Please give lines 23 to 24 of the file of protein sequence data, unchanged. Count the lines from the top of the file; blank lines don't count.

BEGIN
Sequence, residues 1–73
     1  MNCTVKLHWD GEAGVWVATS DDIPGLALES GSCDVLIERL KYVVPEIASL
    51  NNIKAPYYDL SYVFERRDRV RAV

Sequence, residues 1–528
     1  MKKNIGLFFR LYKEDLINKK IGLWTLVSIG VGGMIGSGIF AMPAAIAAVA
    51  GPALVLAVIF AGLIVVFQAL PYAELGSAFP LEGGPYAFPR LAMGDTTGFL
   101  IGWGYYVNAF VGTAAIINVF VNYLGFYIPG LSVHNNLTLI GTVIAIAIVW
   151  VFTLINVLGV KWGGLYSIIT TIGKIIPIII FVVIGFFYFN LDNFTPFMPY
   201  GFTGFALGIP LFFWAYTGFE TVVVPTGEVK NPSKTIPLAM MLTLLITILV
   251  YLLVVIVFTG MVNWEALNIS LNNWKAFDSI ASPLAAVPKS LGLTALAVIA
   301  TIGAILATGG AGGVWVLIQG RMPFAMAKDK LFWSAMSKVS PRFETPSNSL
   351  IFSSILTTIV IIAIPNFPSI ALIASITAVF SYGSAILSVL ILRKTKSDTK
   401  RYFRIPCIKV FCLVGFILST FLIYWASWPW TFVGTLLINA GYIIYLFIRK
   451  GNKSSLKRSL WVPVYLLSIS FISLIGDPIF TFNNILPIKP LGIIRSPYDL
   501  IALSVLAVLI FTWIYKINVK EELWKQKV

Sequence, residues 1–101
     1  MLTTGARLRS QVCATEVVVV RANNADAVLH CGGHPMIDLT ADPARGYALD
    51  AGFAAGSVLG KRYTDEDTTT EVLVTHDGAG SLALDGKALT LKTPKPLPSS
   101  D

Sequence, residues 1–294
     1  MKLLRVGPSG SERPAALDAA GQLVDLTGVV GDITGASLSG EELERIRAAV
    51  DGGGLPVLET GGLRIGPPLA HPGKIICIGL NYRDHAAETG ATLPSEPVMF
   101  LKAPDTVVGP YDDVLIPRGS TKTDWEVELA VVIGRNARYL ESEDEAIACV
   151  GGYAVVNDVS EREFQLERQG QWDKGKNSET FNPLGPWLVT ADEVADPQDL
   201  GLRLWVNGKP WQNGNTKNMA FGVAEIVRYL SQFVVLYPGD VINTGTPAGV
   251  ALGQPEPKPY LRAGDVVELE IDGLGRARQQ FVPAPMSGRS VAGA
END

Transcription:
   101  LKAPDTVVGP YDDVLIPRGS TKTDWEVELA VVIGRNARYL ESEDEAIACV
   151  GGYAVVNDVS EREFQLERQG QWDKGKNSET FNPLGPWLVT ADEVADPQDL